Fried rice is one of the most common dishes in the world. It’s unbelievable how many variations of this dish there really are. Fried rice, nasi goreng, arroz frito, khao phat, arroz chaufa, chahan, sinangag, paella, biryani, jambalaya, chaulafan and the list just keeps going on. Part of the reason is it’s an “everything but the kitchen sink” dish that tastes amazing, but another is that it’s an easy way to use all of your leftovers in one single dish. Here’s our guide to shrimp and crab fried rice.
We’re definitely spoiled in our region when it comes to seafood options, so it’s not hard to elevate an otherwise simple dish like fried rice. From top-of-the-line pelagics like tuna, dorado, and yellowtail to bottom fish like lingcod, halibut, and sheepshead to shellfish like shrimp, crab, and lobster… we have all the resources we need for a super bomb fried rice dish rivaling many upscale restaurant versions.
Full disclosure – making fried rice isn’t as easy as it looks. It can be mushy, it can be burned, it can be undercooked, and it can be under/over seasoned. After practicing a few times, everything will fall into place and you’ll have the dish on lockdown, but it’s probably best to not expect perfection right out of the gate. It’s always going to end up edible, so that’s the good news, and here are a few suggestions to help reduce the learning curve.
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The first key is prep. Have all your ingredients cleaned, dried, cut, and laid out in order of cooking. This is a fast cook over high heat with not a lot of margin for error, so being ready is more important than ever. The concept is simple: cook things first to last based on time of cook needed. For example, you wouldn’t put shrimp or peas (less cooking) in at the same time as raw carrots or onions (more cooking). The second key is using previously cooked, leftover rice. Warm, freshly cooked rice is going to be too mushy, where as cold, leftover rice is firm and will hold up to another round of cooking. The third key is to invest in a solid, old school wok. The design and purpose of a wok is a whole ‘nother story, but it’s interesting enough to do a Web search and learn about it. You’ll see why a wok is the way for properly cooked fried rice. All that said, this is a seafood site, so I took the liberty of using the most amazing fried rice ingredients – Mexican white shrimp and Dungeness crab. You can substitute other types seafood and it will still be amazing, but it’s hard to look beyond these two options.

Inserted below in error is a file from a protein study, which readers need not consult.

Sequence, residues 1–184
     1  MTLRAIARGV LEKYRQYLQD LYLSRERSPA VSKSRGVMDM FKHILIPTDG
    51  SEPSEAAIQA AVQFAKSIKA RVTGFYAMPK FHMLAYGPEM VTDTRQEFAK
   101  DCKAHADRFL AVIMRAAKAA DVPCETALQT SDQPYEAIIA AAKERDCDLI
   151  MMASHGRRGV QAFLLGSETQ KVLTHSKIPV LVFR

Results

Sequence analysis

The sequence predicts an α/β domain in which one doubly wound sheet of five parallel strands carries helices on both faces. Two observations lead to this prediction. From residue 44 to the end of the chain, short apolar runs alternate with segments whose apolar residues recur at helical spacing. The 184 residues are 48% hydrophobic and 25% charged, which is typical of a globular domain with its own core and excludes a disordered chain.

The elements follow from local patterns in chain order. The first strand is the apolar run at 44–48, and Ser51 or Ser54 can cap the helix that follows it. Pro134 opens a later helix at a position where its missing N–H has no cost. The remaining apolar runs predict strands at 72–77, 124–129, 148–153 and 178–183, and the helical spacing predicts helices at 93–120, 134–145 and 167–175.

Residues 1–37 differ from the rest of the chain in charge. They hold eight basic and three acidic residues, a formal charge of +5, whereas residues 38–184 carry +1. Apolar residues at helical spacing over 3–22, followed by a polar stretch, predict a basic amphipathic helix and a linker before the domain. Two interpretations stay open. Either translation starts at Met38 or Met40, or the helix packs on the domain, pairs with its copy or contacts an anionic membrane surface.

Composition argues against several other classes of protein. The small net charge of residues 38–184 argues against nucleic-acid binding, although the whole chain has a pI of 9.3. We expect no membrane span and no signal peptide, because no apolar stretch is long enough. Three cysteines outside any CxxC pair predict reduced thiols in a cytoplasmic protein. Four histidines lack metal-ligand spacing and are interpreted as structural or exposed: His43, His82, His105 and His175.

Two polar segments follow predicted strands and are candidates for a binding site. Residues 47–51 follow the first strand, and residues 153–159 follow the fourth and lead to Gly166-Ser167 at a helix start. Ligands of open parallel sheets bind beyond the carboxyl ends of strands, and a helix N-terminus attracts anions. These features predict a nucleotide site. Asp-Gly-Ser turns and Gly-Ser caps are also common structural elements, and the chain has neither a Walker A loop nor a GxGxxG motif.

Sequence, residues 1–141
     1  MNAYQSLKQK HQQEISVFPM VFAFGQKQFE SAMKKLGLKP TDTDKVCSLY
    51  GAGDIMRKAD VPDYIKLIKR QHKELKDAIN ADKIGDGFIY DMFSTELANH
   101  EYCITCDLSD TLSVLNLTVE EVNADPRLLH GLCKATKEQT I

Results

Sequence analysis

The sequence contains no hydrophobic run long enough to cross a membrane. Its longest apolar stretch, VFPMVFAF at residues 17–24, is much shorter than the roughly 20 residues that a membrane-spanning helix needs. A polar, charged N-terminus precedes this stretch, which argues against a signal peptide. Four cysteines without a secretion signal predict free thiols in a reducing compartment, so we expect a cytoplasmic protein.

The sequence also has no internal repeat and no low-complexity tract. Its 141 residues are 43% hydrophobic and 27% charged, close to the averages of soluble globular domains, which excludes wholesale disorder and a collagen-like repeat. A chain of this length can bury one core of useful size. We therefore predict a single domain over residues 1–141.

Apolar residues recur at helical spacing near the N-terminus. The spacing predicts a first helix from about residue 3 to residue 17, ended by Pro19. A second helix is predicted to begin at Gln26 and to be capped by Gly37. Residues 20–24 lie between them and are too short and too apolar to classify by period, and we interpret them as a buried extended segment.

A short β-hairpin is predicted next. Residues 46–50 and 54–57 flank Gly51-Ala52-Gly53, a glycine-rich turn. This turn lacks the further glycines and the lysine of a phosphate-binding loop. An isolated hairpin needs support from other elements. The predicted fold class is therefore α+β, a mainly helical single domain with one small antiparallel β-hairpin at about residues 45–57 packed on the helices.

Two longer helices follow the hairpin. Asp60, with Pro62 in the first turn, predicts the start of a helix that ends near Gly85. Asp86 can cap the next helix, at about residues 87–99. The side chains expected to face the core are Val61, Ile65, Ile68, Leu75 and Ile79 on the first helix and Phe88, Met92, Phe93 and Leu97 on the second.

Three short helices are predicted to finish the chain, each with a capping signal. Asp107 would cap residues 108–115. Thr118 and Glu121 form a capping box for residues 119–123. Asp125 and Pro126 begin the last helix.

Recipe: Shrimp and Crab Kimchi Fried Rice
- Quantity depends on your group size, but in this case, I deveined and cleaned about two dozen Mexican white shrimp.
- For the crab, last time I boiled live Dungeness, I broke down the extras and froze them for another time, which is now!
- 1 bowl of cold, leftover (cooked) white rice - about 4 cups
- Salt, pepper, garlic powder, onion powder and togarashi to taste
- 6-8 Shiitake mushrooms - chopped
- 2-3 long green onions - sliced (and another 2 saved for garnish)
- 1 finger of ginger - peeled and minced
- 2 cloves of garlic - peeled and minced
- 3 carrots - julienned
- 1 ½ dozen snow peas
- 1 cup English peas
- 4-6 TBSP kimchi - chopped
- 2 eggs - beaten
- 1-2 TBSP sesame oil
- 2 TBSP shoyu/soy sauce
- 1 Tsp oyster sauce
- 1 Tsp red chili flakes
- 2 Tsp black and white sesame seeds (2 more Tsp for garnish)
- Start by cooking the rice a day or two before, let it cool and refrigerate.
- Wash, dry, cut and organize all ingredients in order of cooking. You’ll start with the ingredients that take the longest, and then the final ingredients will be the ones requiring the least amount of cooking time.
- Turn your stove on to high heat, put the wok over the flame to heat and add 1 TBSP grapeseed oil (high smoking point). Add the ginger and carrot and cook for a few minutes (constantly stirring), then the mushroom and green onions for a few minutes, and then the garlic and kimchi. Keep it moving.
- Add the rice, toss for 1-2 minutes (still over high heat) and then add the eggs.
- Season the shrimp with salt and pepper and add to the wok. Once almost done, add the cooked crab, peas and sesame seeds and toss. Follow with the soy sauce and oyster sauce and give it a final spin.
- At this point a lot of people serve it as is on the soft side, but many (myself included) add another element - crispy rice - that makes the dish. Turn the heat down to medium-low and let the fried rice sit in the wok undisturbed for a minute or two and it will create a slightly carmelized, crispy bottom. The wok will have carryover heat, so don’t let it sit too long, or it will burn. If you do it just right, it makes the dish. Again, don’t expect perfection on your first try, but know that once you figure it out, this will be on your home menu rotation for sure.